Brainstorm with them in love. Caregivers are often sleep-deprived, hopeless, depressed, anxious, or stressed. Help them think out of the box. Is the issue with finances? Can the church supplement the cost once a month so the caregiver can come to church without worry? Is the issue that there are no family members that can help? Can a few church members rotate and offer to watch their loved one for them? Can someone watch their child at church even if it is in a Sunday school room with their favorite game?
Most importantly, love them when they are there. Sometimes love is displayed by holding back comments such as “I haven’t seen you in forever! Where have you been?” Perhaps a better comment might be, “I know things are difficult right now but I love seeing you when you can come. How are things going?”
For some families, most weeks are manageable, but then comes a change. Maybe it’s daylight savings time, a change in season, a change in type of clothing, or it’s holiday time which can be filled with anxiety and disruption. Maybe it is a time of transition-either back to school or back to summer. These changes in schedule and timing can affect people, especially those prone to anxiety.
What should we never do? Judge.
Lord, I pray that those who are home with loved ones this week feel Your presence. That You give them hope and peace and strength. That You send those who can show them Your love in a way that is unexpected and real.
Fun, festivities, awe, and wonder are some of the best parts of this season, yet many of us experience significant challenges throughout these special days. There is something extraordinarily comforting about being with people who “get it”; people who accept you and all your circumstances without judgment, without pity, and without any expectations.
Our church is partnering with a community organization called FACES 4 Autism by hosting social gatherings for teenagers on the spectrum. What started with a few families has now grown to a fifty-plus get together each month. In November it was a Friendsgiving celebration, Charlie Brown style, with pizza, pretzels, jelly beans, and popcorn. Take a look at these happy faces!
I had been laid off from my job and I just had my third daughter after a difficult pregnancy. Depression came on gradually and before I knew it, apathy had settled in. There were many days I couldn’t even get dressed.
According to Wikipedia, “Depression is a state of low mood and aversion to activity or apathy that can affect a person’s thoughts, behavior, feelings, and sense of well-being. People with a depressed mood can feel sad, anxious, empty, hopeless, helpless, worthless, guilty, irritable, angry, ashamed, or restless.”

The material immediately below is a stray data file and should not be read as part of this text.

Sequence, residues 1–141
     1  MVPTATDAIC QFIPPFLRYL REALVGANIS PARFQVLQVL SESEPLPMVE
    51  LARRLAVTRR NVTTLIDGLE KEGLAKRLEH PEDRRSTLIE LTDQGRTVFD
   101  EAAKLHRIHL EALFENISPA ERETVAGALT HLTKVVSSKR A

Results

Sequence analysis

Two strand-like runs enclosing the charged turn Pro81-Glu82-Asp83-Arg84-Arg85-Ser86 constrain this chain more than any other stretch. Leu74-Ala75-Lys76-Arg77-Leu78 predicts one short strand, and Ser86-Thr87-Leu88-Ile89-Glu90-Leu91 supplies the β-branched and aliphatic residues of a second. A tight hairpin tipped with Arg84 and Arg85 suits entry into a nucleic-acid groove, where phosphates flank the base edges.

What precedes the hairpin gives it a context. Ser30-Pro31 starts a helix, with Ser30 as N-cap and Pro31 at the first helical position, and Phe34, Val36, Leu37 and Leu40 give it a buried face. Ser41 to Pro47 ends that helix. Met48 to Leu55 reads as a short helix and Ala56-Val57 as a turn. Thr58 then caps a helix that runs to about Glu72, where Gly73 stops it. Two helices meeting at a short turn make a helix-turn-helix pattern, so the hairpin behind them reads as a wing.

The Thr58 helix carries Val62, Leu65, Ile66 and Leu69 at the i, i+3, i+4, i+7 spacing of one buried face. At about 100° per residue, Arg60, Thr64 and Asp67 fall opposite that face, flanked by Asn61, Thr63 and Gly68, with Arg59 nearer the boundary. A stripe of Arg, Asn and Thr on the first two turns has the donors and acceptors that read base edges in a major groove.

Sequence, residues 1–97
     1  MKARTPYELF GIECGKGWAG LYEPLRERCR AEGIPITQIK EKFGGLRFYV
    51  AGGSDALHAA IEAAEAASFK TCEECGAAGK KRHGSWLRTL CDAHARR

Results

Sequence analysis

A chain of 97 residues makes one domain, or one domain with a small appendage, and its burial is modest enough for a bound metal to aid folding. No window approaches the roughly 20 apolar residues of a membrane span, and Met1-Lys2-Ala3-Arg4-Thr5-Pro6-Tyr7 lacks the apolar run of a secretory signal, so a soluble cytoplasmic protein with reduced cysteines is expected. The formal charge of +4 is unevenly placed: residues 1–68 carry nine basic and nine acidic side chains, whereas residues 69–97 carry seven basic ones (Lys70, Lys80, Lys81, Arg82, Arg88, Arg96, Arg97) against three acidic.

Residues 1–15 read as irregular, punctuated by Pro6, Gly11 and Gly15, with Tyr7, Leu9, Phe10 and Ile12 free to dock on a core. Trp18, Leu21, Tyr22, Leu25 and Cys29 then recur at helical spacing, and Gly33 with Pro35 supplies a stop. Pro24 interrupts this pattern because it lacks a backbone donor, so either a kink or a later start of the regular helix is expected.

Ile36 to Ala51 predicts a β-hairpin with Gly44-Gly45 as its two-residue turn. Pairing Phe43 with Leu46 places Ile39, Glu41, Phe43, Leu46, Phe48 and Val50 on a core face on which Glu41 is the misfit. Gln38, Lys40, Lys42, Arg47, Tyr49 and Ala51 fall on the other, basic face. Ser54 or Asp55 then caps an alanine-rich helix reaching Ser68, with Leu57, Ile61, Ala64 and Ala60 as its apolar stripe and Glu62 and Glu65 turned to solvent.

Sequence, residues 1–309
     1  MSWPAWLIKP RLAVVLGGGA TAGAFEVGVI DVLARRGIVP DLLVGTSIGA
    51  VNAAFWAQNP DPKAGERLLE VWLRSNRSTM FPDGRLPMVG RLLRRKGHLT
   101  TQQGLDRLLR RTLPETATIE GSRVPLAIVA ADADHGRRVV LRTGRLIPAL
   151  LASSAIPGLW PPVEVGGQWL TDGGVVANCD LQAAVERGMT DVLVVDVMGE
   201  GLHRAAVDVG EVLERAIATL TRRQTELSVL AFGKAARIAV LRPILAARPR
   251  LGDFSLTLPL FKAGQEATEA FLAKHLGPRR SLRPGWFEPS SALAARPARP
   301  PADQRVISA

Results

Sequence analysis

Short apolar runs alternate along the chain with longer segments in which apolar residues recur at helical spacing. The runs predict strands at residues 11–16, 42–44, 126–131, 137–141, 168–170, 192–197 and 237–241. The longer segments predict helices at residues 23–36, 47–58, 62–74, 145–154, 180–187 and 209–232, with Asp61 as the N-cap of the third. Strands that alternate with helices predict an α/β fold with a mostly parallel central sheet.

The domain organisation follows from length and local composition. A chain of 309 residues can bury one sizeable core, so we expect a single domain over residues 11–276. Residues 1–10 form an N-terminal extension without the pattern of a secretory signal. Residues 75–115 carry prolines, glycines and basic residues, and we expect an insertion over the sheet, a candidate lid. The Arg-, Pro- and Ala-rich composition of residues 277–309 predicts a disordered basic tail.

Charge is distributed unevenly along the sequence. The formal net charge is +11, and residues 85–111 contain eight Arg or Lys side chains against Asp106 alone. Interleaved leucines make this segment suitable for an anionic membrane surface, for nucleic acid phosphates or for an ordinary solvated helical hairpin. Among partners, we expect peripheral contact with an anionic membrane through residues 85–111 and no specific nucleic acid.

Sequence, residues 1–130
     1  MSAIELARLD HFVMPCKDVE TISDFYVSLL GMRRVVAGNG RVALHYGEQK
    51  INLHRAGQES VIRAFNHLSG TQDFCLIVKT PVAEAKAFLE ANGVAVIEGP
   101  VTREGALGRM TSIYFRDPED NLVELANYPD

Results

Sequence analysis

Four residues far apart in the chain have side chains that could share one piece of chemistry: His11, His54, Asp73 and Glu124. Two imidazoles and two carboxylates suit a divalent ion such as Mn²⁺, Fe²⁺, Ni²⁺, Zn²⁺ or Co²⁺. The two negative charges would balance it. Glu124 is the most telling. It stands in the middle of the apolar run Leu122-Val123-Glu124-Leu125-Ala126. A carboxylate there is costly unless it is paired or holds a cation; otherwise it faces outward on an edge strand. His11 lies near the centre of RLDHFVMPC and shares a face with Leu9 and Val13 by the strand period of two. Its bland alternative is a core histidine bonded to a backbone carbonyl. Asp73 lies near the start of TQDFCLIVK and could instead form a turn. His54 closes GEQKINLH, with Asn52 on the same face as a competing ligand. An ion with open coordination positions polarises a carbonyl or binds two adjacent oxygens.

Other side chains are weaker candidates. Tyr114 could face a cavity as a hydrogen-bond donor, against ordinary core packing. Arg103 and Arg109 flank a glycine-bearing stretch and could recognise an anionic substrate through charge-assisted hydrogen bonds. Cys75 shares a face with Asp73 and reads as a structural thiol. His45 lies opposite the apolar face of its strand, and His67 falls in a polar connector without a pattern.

The second time I struggled was six years later. This time, every area of my life was touched; my marriage, my health, our finances, and my daughter was diagnosed with a learning disability. Normally a confident career woman, I didn’t feel like I added any value to my family. I wondered, “How did I get here? How could a loving God do this to me?” I thought, “God loves everyone else, but not me.”
My husband and I attended a small church and we were involved in all aspects of ministry. I never missed a service. I ministered to others, I prayed, I read my Bible, and I smiled. I felt broken and no one knew.
The song “I Held On” by Shara McKee ministered to me. I held on to the things I was taught. I didn’t have a secret formula, nor did I consider myself great, or even strong. I held on until the storm was over. Life is a journey. I put one foot in front of another, only worrying about that step, until eventually the landscape around me changed.
God is faithful. Even during those difficult times, God’s protection and blessings were apparent: my unemployment benefits were extended, we met our bills and house payments, I was able to be home with my baby, we moved to a better school district to help my daughter, got the help of a godly counselor, and my health slowly recovered.
Sometime later while in prayer, God reminded me of that moment in my office and reassured me that He had been there and that He loved me. I don’t know why this happened to me. I do know that God causes the rain to fall on both the just and the unjust (Matthew 5:45). As the Bible says, He did love me, He does love me and He does love you, regardless of any hopelessness you may feel.
Depression, postpartum depression, and seasonal affective disorder (SAD), are all things that many Christians do not talk about readily. According to medicine.net, “Depression is not the same as a passing blue mood. It is not a sign of personal weakness or a condition that can be wished away. People with depression cannot merely ‘pull themselves together’ and get better.” It is a medical condition.
As with any medical issue where healing is needed, “call for the elders of the church” and ask to be prayed for (James 5:14). If you are not healed instantly:
Seek help of a godly counselor and your physician.
Hold on-pray, read your Bible, memorize Scripture verses that minister to you, fast, and go to church, even when you don’t feel like it.
Encourage yourself in the Lord by listening to godly music. My Hope Radio is an excellent resource. Watch or listen to UPCI preaching on Youtube or the Revival Radio app.
Psalms 18:2, “The Lord is my rock, and my fortress, and my deliverer; my God, my strength, in whom I will trust; my buckler, and the horn of my salvation, and my high tower.”
Written by: Carolyn Barcus. She grew up in Pennsylvania in a home mission church as a pastor’s daughter. She is a graduate of Apostolic Bible Institute. She attends Saint Paul Apostolic Tabernacle in St. Paul, Minnesota with her husband and three daughters.